5 questions to ask when comparing CMS options

January 18, 2012

We’ve shown that having a content management system for your site is important. But there are a number of content management systems available for use on sites. Web development companies usually pick one or two they like best; they might develop their own (for example, we built a CMS called datAvenger at Sephone), or they may choose to use an open-source CMS to power the sites they make.

But what should you compare if you’re looking at a few CMS options? Here are five questions to ask.

Is it hard to learn how to edit my site?

If you make a lot of changes to your site (or even if you don’t), the most important piece of the CMS puzzle is feeling comfortable with the area where you edit your site. If it’s a hassle or burden to find the page you want to change, wrangle with an editor, and then stumble to push the page to the live site, you’ll find yourself frustrated – fast.

If, on the other hand, editing makes sense and is easy to do, you can have an up-to-date site that changes whenever you like. There’s no reason why a simple content change on your site should take more than a few minutes. Don’t compromise on a CMS that makes you do more work.

Will my site play nice with search engines?

It’s important that people can find your site on the web. Search engine optimization (or SEO) isn’t all about the content on your site; it’s also about how your site itself is built. A good CMS can help your site shine on search engines.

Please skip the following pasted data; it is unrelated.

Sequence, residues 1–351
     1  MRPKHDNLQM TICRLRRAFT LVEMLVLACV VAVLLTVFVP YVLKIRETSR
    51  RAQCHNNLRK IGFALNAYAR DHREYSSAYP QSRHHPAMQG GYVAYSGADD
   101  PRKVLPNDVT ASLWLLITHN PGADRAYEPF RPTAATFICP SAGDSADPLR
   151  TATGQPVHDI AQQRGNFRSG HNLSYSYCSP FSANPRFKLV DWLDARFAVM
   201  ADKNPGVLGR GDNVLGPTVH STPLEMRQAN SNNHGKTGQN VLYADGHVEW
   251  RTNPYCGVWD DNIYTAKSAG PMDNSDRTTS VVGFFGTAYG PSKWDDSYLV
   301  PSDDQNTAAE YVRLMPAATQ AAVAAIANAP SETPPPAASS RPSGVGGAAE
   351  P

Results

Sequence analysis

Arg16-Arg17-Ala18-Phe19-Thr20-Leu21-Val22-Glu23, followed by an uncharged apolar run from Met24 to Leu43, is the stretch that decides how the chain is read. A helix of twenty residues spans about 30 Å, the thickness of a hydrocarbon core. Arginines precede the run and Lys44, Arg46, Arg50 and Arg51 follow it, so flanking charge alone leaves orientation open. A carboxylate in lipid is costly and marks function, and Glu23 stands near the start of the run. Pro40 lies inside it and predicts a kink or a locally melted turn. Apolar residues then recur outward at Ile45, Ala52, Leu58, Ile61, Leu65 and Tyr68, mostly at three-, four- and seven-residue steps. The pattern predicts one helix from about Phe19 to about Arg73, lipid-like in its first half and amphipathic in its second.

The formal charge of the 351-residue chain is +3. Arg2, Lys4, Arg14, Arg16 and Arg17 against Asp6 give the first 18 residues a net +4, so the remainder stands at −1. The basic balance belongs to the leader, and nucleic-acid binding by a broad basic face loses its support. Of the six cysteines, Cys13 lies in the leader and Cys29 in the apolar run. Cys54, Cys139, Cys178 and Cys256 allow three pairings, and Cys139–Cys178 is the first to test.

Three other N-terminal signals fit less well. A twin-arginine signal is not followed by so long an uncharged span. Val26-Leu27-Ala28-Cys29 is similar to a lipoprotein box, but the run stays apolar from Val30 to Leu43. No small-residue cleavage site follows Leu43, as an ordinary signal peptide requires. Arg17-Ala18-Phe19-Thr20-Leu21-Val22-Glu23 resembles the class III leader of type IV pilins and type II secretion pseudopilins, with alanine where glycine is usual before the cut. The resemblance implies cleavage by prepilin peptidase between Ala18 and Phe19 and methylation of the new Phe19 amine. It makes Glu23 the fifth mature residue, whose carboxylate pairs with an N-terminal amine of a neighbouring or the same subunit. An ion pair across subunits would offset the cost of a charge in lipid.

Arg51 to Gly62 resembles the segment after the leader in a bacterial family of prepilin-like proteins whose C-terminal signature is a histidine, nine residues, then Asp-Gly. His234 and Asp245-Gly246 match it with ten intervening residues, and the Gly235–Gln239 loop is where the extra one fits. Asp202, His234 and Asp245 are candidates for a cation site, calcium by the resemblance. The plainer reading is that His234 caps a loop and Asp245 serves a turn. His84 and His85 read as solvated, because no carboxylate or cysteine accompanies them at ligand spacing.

A good first check is to see how the page addresses (known as URLs) look for your site. Many older content management systems use a combination of codes and ID numbers in the URLs for every page:

http://www.example.com/index.php?pageId=25&section=5
http://www.example.com/directory.php?dirId=25&person=52&view=standard

These kinds of URLs are tough for search engines to understand because they don’t say anything about what’s on the actual page. Look for a CMS that builds URLs using the title of the page, or another set of keywords you can customize:

http://www.example.com/about-us
http://www.example.com/directory/person/jim-smith

These make it easier for both search engines and your visitors to remember your site.

Bonus tip: Ask how a site’s CMS handles mistyped or broken links. In the tech world, we call these 404s. Ideally a CMS should show a screen that tells your visitor that the page is not available. It should also send a special server status code (a 404) so that search engines and other sites can tell that the page doesn’t exist. This helps search engines remove a page from their results after you delete it from your site.

What kinds of content can I have on my site?

Form moduleAs we mentioned in our “What is a CMS?” post, most content management systems allow you to edit text in a rich text editor. This allows you to style text, add links and images, and more. Chances are, though, that your site isn’t only text. What if you want to add a form for visitors to fill out, an image gallery, or a widget from another site? Make sure that the CMS you choose can support the kinds of content you need (or can be customized to adapt to what your site needs to do).

Can I preview my changes before everyone sees them?

The administration area for some content management systems allows you to see how the changes you make will look on your site before you publish them to your live site. This is a great feature if you’d like to be able to tweak what you write before the world can see it.